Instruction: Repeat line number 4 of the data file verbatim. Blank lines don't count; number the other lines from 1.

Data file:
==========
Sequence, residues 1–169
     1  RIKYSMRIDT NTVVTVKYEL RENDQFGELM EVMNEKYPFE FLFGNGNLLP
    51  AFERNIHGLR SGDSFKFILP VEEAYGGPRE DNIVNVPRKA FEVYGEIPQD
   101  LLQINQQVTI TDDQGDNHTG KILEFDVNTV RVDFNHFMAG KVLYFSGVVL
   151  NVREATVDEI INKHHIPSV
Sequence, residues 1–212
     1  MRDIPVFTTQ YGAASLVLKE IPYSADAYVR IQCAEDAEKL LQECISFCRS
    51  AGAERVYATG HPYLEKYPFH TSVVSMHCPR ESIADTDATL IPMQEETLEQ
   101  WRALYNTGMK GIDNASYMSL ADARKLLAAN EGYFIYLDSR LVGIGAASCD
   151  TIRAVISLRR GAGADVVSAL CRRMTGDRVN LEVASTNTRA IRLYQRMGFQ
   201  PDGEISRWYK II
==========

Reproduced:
   101  LLQINQQVTI TDDQGDNHTG KILEFDVNTV RVDFNHFMAG KVLYFSGVVL